HARRISBURG, Pa. (AP) — The recount began Friday in the too-close Republican primary contest for U.S. Senate in Pennsylvania, with just 900 votes separating famed heart surgeon Dr. Mehmet Oz and former hedge fund CEO David McCormick.
Montour County began the recount on Friday, one of seven counties that said they would start right away. Most of Pennsylvania’s 67 counties said they would begin next week, with a Wednesday deadline to begin.
For less populated counties, the process could take a day. Larger counties say they will need several days.
The recount began as a legal battle all the way to the U.S. Supreme Court and the state Supreme Court could affect the ballots counted.
Counties have until June 7 to complete a recount and another day to report the results to the state.
The initial result of last week’s primary election remained elusive as some counties still had hundreds or thousands of ballots remaining on Friday, including write-in, provisional and mail-in ballots from voters in the foreigner and members of the army.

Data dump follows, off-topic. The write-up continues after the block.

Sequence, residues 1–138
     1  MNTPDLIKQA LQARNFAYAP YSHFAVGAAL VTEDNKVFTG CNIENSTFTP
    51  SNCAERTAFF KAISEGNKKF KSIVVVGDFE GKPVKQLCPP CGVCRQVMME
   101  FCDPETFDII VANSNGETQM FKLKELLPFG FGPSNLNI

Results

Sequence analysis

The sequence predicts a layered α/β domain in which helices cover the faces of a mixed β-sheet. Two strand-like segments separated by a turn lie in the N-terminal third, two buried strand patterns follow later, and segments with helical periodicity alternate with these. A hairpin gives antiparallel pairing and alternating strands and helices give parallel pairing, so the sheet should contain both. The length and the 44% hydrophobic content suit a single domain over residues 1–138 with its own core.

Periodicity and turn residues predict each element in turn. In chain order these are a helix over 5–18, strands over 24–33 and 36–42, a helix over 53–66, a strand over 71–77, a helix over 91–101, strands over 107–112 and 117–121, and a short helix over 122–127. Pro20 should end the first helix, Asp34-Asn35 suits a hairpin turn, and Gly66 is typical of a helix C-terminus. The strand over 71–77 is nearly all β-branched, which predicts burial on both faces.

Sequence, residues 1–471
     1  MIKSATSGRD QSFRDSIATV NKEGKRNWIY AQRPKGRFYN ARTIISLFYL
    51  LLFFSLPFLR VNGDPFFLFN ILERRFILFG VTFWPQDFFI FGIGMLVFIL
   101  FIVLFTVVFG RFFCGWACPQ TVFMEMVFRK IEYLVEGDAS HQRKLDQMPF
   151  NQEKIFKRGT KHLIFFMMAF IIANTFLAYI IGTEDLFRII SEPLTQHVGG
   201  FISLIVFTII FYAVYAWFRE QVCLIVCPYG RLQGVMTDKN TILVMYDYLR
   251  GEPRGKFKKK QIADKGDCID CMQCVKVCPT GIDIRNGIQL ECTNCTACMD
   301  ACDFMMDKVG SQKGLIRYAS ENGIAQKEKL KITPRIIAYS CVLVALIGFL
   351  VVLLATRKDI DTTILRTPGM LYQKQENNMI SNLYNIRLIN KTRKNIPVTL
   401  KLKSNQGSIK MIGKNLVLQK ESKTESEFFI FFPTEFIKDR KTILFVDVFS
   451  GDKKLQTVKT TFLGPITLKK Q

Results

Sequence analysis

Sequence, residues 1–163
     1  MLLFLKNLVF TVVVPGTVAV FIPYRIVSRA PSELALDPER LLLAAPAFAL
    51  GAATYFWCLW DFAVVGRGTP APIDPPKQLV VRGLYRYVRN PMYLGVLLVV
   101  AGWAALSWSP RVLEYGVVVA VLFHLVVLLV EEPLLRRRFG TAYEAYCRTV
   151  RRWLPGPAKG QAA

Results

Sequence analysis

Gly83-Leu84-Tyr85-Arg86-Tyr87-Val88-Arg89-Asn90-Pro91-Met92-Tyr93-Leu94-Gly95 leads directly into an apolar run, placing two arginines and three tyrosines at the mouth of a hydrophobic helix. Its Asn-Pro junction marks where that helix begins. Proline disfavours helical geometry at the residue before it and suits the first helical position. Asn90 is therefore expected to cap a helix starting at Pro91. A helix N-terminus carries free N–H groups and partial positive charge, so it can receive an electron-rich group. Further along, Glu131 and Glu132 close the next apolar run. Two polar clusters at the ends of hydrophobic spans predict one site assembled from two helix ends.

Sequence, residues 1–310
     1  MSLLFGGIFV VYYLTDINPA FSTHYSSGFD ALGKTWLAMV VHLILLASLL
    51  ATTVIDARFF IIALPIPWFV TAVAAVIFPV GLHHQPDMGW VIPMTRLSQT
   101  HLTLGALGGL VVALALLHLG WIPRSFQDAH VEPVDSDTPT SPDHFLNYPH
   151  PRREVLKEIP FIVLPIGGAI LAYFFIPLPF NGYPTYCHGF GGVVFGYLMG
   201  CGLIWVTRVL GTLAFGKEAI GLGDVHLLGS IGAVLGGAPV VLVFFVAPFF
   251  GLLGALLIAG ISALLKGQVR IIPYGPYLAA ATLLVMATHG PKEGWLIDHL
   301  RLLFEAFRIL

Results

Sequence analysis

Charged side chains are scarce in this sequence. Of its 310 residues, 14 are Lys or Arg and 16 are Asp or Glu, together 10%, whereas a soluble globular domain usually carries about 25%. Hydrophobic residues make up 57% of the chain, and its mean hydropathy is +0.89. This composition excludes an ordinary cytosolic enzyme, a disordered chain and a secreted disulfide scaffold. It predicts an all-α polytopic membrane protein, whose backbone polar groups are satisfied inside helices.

Oz, which is endorsed by former President Donald Trump, edged out McCormick by just 922 votes, or 0.07 percentage points, out of more than 1.3 million ballots reported by the state Friday afternoon.
The race triggered Pennsylvania’s automatic recount law, with the split between candidates inside the law’s 0.5% margin. The Associated Press will not declare a winner of the race until the recount is complete on June 8.
The winner of the GOP race will face Democratic nominee Lt. Gov. John Fetterman in November’s midterm contest. Democrats see it as their best opportunity to land a narrowly divided Senate seat. Republican Senator Pat Toomey is retiring after two terms.
McCormick’s campaign, meanwhile, has battled in court for votes that could help it close the gap with Oz.
Oz, the Republican National Committee and the state Republican Party oppose McCormick’s quest to force counties to count certain mail-in ballots — those without the voter’s handwritten date on the envelope — that might otherwise be dismissed for a technicality.
Some counties have agreed to count them, while others have not.
A separate case involving these ballots of last November’s election was appealed to the United States Supreme Court on Friday. It came hours after the 3rd U.S. Circuit Court of Appeals denied a motion to stay its earlier ruling that those ballots should be counted, despite the Elections Act requirement of state that voters write a date on the return envelope.